People Who Attract Kind, Loyal Partners Practice These 15 Key Relationship Skills

Photo: Nemanja Novakovic / shutterstock.com 
couple at a fancy restaurant

If you're reading this, you must be worried about some aspects of your relationship. With all the information out there about red flags, trauma responses, and codependency it can be hard to know what to do. I'm going to walk you through some basics.

Ideally, you want wonderful and supportive relationships — but building them up takes work and a particular skill set. While relationships are one of our main vehicles for growth, they can also be one of our main vehicles for trauma.

One of the keys to avoiding toxic relationships is to learn to recognize and respond to red flags.

Identifying red flags is a big part of being able to recognize and attract healthy, loving partners

RELATED: The 'Magical' Habit You Must Break If You Want A Truly Great Relationship

How do red flags impact relationships?

Red flags can be hard to spot to the untrained eye. In reality, most of us are untrained as we often don't recognize something is off until we're deeper into the relationship. I'm sure you can think of the big ones, such as physical violence.

When you ignore problematic behaviors they only grow as the relationship deepens. As time goes, the behaviors progress because they need more and more control, and most of the time you won't notice that it's getting worse. Many abusers seem charming and wonderful at first, and before you know it you're performing all sorts of mental gymnastics to justify what's happening.

Three reasons why you may struggle to recognize red flags

You grew up surrounded by red flags

Depending on how your family dynamic was when you were a child, you may have learned to normalize and work around red flags in order to get your needs met. We learn how to exist in relationships from our first caretakers, so if your upbring was fraught with instability, ineffective communication or abuse then that dynamic becomes normalized.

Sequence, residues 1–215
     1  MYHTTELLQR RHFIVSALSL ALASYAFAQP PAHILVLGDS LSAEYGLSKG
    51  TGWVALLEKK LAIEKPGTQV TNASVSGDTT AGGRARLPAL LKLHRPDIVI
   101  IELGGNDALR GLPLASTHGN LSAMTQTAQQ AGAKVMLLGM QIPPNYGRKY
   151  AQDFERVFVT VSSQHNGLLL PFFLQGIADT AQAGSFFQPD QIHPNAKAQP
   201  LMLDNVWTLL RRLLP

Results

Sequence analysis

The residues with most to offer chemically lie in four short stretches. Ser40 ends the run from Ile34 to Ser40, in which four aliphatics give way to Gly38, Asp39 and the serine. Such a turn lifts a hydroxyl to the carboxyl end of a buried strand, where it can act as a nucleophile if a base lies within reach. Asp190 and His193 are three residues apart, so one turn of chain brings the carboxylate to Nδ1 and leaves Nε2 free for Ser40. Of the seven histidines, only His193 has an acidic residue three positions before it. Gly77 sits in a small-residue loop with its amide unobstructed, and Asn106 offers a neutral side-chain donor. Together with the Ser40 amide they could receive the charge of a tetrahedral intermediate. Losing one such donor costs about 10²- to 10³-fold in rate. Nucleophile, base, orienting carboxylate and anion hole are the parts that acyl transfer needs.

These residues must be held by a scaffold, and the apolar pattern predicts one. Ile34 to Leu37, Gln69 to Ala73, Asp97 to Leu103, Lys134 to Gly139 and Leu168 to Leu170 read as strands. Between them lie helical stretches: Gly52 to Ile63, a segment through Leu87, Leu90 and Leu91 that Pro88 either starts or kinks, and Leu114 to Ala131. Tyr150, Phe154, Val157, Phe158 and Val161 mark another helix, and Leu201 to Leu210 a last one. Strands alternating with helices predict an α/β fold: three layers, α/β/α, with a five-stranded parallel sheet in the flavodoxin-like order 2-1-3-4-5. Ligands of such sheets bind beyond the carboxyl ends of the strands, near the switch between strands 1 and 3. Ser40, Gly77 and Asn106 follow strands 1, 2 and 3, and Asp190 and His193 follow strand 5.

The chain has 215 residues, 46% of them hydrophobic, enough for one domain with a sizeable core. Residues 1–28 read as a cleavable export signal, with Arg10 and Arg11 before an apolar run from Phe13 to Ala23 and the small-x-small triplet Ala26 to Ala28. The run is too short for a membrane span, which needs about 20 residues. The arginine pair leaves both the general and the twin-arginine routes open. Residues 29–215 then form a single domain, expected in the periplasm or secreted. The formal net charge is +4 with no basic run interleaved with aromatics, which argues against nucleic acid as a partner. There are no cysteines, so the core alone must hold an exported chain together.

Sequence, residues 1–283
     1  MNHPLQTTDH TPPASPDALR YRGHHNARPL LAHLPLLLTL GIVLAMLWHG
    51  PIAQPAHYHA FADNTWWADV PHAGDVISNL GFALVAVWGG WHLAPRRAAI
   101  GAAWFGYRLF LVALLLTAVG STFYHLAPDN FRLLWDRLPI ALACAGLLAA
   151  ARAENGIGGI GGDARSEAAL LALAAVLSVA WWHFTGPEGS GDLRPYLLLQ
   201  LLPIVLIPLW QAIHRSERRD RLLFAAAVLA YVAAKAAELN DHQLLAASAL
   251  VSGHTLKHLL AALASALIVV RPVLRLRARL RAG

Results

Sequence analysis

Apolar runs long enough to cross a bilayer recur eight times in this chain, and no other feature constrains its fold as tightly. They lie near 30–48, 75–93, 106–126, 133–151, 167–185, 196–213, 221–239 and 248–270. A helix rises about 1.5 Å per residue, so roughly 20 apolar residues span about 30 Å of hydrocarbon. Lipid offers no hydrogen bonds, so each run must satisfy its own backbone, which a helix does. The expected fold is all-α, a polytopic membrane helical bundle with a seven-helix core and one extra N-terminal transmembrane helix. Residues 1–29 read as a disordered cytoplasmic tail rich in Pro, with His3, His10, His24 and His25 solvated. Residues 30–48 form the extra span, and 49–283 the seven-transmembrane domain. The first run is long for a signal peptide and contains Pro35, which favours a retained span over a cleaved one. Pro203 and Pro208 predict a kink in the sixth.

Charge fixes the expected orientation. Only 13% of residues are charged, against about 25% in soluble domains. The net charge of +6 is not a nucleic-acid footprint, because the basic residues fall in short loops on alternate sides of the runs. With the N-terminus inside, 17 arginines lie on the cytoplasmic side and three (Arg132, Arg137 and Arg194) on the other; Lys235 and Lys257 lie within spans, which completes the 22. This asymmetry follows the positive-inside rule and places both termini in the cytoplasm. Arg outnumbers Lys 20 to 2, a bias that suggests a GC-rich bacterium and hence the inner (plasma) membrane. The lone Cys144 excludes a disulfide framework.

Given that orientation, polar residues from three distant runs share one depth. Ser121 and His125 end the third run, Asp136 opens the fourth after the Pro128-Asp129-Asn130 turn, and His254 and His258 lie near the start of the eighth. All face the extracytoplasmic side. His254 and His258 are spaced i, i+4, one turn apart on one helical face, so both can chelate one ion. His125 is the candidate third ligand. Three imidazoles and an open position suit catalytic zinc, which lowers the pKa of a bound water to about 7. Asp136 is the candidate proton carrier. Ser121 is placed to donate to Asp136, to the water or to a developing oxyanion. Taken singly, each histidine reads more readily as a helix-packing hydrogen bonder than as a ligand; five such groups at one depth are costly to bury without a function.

You're stuck in a cycle that normalizes these warning signs

We tend to repeat the patterns that we knew growing up. This is one of the reasons that people will find themselves in multiple bad or abusive relationships. One way to make sure you break the cycle of bad relationships is to learn to recognize and respond to these flags.

While not every red flag is a deal breaker, some absolutely are; and don't worry I will specify which ones are run-as-fast-as-you-can-the-other-way bad.

Recognizing red flags is a skill, and not everyone has developed this skill 

Recognizing warning signs is a skill that you can develop, and when you get good at this skill it's going to keep you from entering into abusive or toxic relationships.

Before you can even address these behaviors, you first have to learn to recognize them.

We don't want to make excuses for these behaviors; overlooking them to continue on our merry way into la-la land thinking that everything is going to magically get better with time.

When reviewing this list, please understand that if your partner is willing to get help — therapy, a coach, or books —  things can get much better as they learn the skills they need to be a healthy partner.